Skip to main content

Smoli (Formerly Smoler), Eliezer

SMOLI (formerly Smoler), ELIEZER

SMOLI (formerly Smoler ), ELIEZER (1901–1985), Hebrew writer. Born in Volhynia, Smoli immigrated to Palestine in 1920 with a group of pioneers, and graduated from a teachers' seminary in Jerusalem (1923). From 1948 he was supervisor of schools for the Sharon region. Smoli was encouraged by Asher *Barash to write fiction instead of poetry, and his stories were published in the daily Davar and in Davar li-Yladim.

His books, which manifest his love for the land and for the early pioneers, were the first of their kind. Notable among them is Anshei Bereshit (1933; 19637); an English translation entitled Frontiersmen of Israel appeared in 1964. Smoli also wrote Or ba-Galil (1939; 19567); Bein Sheki'ah li-Zeriḥah (1946); Bein Ḥermon ve-Gilbo'a (1946; Between the Hermon and Gilboa, 1946); Yafah at Arẓenu (1948; 19635); Laylah ba-Mishlat (1951); Olam ha-Ḥayyot (1952); and several works on plant and animal life in Israel.


Kressel, Leksikon, 2 (1967), 945.

[Getzel Kressel]

Cite this article
Pick a style below, and copy the text for your bibliography.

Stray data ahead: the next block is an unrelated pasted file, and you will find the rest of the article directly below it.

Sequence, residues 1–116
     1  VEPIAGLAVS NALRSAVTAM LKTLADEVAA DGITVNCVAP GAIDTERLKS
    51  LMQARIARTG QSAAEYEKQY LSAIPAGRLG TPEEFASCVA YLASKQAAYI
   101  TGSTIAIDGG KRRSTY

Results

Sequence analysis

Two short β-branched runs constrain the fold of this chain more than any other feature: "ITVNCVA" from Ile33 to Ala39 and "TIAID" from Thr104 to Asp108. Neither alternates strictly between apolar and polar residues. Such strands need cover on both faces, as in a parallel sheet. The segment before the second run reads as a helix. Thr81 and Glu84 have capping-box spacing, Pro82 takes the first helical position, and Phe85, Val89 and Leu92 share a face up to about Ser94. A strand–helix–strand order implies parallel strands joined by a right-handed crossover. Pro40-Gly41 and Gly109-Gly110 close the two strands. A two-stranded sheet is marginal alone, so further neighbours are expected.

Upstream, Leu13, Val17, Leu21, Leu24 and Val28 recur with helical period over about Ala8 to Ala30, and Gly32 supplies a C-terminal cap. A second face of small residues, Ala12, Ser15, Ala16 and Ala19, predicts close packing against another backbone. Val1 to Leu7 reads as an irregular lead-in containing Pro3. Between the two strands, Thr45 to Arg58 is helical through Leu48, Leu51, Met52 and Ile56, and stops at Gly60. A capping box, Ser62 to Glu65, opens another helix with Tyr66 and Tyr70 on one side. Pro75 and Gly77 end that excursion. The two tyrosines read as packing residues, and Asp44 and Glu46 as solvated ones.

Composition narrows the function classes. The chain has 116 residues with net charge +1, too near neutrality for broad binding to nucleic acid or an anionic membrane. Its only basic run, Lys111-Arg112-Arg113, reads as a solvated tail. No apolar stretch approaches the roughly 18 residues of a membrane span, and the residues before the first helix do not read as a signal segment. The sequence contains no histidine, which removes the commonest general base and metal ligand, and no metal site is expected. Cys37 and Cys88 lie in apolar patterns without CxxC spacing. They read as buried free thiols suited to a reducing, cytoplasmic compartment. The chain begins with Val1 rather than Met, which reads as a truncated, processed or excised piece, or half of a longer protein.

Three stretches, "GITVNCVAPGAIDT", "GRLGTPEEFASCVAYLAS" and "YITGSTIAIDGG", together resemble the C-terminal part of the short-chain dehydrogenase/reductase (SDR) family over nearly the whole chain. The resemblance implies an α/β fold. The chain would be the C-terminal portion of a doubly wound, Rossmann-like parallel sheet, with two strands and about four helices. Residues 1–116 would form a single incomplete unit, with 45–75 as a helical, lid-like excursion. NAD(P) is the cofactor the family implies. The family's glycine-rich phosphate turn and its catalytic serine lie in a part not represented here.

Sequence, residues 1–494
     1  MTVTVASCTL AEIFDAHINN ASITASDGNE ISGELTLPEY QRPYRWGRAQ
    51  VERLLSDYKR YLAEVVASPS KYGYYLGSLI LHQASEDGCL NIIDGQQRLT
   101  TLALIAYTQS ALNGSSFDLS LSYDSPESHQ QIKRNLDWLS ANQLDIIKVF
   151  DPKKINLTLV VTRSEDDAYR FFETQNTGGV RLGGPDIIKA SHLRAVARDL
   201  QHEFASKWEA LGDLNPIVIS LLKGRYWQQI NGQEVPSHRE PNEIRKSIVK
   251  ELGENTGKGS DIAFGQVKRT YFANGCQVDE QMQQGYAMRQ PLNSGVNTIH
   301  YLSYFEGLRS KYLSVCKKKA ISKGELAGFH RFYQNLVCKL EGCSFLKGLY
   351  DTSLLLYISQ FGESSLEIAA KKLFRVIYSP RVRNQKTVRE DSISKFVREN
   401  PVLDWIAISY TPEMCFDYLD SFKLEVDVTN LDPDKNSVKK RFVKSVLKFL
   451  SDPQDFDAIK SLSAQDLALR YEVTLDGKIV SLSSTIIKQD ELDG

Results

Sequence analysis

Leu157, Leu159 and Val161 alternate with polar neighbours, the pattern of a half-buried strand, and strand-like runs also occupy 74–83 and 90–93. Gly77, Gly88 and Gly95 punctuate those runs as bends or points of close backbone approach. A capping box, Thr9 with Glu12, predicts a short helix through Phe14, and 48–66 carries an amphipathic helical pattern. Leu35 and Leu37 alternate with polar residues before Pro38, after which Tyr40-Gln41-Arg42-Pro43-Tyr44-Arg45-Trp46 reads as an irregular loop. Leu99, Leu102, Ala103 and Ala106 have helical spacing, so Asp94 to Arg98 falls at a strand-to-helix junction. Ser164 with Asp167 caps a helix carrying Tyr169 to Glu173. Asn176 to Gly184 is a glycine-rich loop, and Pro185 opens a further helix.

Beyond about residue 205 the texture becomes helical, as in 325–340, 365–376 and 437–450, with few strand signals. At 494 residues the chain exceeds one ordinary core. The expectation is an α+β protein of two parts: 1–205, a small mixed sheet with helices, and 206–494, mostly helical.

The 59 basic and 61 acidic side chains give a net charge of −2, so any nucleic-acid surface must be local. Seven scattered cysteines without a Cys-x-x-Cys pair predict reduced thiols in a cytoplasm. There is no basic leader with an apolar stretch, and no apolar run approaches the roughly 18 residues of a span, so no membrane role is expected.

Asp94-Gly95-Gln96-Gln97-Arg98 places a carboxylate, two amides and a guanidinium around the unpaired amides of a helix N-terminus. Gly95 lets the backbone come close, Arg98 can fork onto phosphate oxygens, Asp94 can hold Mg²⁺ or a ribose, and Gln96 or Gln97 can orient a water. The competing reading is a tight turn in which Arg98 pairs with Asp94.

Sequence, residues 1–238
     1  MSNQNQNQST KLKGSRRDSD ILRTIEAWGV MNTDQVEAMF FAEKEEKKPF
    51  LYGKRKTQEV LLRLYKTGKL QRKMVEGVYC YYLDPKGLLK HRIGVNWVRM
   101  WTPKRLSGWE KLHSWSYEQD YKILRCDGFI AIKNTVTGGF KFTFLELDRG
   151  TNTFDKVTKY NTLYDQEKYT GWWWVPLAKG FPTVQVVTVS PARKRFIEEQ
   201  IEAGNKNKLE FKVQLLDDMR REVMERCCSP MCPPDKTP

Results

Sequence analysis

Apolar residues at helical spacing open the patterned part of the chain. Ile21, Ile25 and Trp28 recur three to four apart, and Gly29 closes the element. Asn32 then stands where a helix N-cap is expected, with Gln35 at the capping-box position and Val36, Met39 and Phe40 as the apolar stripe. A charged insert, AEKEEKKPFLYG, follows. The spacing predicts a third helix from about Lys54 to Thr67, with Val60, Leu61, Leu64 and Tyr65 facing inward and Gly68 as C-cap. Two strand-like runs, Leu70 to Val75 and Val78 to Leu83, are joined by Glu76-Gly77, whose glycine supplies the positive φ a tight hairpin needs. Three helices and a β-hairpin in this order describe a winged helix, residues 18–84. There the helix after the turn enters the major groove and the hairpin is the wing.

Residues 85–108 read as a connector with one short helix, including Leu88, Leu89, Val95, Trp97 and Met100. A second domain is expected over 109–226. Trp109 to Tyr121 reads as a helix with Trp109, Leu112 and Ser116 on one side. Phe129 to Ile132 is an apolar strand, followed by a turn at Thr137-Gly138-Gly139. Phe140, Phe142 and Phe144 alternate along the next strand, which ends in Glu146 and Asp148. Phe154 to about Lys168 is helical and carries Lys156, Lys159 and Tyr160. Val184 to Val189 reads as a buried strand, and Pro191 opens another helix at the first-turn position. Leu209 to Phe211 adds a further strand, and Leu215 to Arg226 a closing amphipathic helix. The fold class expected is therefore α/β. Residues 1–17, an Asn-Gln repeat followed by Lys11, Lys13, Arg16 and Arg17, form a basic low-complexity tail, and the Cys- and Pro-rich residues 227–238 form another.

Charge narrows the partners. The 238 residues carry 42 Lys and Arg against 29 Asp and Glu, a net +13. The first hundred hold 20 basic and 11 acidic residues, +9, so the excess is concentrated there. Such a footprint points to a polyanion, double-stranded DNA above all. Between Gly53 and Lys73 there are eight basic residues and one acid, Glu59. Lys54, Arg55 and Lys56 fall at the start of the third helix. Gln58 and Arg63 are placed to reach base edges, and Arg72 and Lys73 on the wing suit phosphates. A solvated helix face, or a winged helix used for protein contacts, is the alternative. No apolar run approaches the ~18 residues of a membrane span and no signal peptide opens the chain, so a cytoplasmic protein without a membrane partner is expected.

• MLA
  • Chicago
  • APA

"Smoli (Formerly Smoler), Eliezer." Encyclopaedia Judaica. . 19 Mar. 2019 <>.

"Smoli (Formerly Smoler), Eliezer." Encyclopaedia Judaica. . (March 19, 2019).

"Smoli (Formerly Smoler), Eliezer." Encyclopaedia Judaica. . Retrieved March 19, 2019 from

Learn more about citation styles

Citation styles gives you the ability to cite reference entries and articles according to common styles from the Modern Language Association (MLA), The Chicago Manual of Style, and the American Psychological Association (APA).

Within the “Cite this article” tool, pick a style to see how all available information looks when formatted according to that style. Then, copy and paste the text into your bibliography or works cited list.

Because each style has its own formatting nuances that evolve over time and not all information is available for every reference entry or article, cannot guarantee each citation it generates. Therefore, it’s best to use citations as a starting point before checking the style against your school or publication’s requirements and the most-recent information available at these sites:

Modern Language Association

The Chicago Manual of Style

American Psychological Association

  • Most online reference entries and articles do not have page numbers. Therefore, that information is unavailable for most content. However, the date of retrieval is often important. Refer to each style’s convention regarding the best way to format page numbers and retrieval dates.
  • In addition to the MLA, Chicago, and APA styles, your school, university, publication, or institution may have its own requirements for citations. Therefore, be sure to refer to those guidelines when editing your bibliography or works cited list.